The DSCOVR satellite, launched this week on the private rocket Falcon 9, will provide a whole-Earth view of our planet that hasn’t been seen since the last Apollo moon mission in 1972. It’s a view we need to remember.
DSCOVR, which stands for Deep Space Climate Observatory, has a dual purpose: to study the Earth from afar, and be an early-warning beacon for solar storms that could disrupt our communication technology.
To do that, it will be placed in a very special position called L1, a Lagrange point, where the gravity of the sun and the Earth balance each other. A spacecraft parked there will remain there, following the Earth through space, while always remaining between the Earth and the sun.
From that vantage point of more than a million kilometres out, the spacecraft will have a view of the entire Earth, fully lit by the sun, from a distance.
This view has not been seen by humans since the crew of Apollo 17, the last mission to the moon, caught a full-Earth view on their way out.
That image has since become the poster child for the environmental movement. It’s rather poetic that this view includes Africa, the origin of humanity, in the centre of the frame. That’s quite an accomplishment, looking back from a vantage point halfway to the moon on the place where our ancestors first stood upright about six million years ago.
DSCOVR will have a similar view of the Earth, but since it will be out there 24/7, the Earth will turn under it. We will see all sides of our planet and should even be able to assemble those images into a time-lapse movie of the Earth turning in space.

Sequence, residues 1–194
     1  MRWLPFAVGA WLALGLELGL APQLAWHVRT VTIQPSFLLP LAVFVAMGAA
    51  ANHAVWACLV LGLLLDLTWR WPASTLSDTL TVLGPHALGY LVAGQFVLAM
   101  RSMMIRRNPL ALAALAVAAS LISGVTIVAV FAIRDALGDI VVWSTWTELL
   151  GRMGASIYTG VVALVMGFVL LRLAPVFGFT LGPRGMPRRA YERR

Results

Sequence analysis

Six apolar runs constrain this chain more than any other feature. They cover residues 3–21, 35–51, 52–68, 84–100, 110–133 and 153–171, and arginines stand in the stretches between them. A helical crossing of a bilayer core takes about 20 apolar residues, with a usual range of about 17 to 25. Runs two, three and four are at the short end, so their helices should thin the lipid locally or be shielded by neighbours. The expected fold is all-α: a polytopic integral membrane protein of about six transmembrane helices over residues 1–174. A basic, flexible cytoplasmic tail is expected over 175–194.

This has only been done once before, in 1990, when the Galileo spacecraft swung by the Earth to get a gravitational assist for a trip to Jupiter. During its fly-by, a series of images were taken every five minutes, then put together into a stunning movie showing a partial rotation. DSCOVR images will be far superior to that.
By the way, astronauts on the International Space Station do not get this view today, because they are only 400 km up, which is too close to see the whole planet. To get their perspective, take a globe and place it against your forehead and the bridge of your nose, then try to see the whole thing. It can’t be done.
Space station astronauts are also circling the globe every hour-and-a-half, so they do see their own motion out the window, but they don’t actually see the Earth itself rotate.
Of course, there is more to the DSCOVR mission than just getting pretty pictures of our planet. The satellite will measure the energy balance of the Earth, which compares how much we take in from the sun and how much is reflected back into space.
It will also keep track of atmospheric activity, such as aerosols, ozone, moisture, etc. - with all the data to be made publicly available.
And from its position between the sun and the Earth, DSCOVR will intercept coronal mass ejections from the sun and provide a 15- to 60-minute warning time to operators of satellite companies, power utilities, even airliners flying over the North Pole, that potentially damaging electromagnetic effects are on the way.
While the scientific information will be a valuable contribution to our understanding of the Earth as a whole, perhaps that view of our small blue ball floating in the blackness in a vast, hostile universe will be a constant reminder that this little orb is all we have.
A whole Earth picture is also a picture of ourselves … all of us. We know we are changing the face of the planet like badly behaved children.
Now, we have a chance to heed a scolding that might be given by a parent: “Look at yourselves!”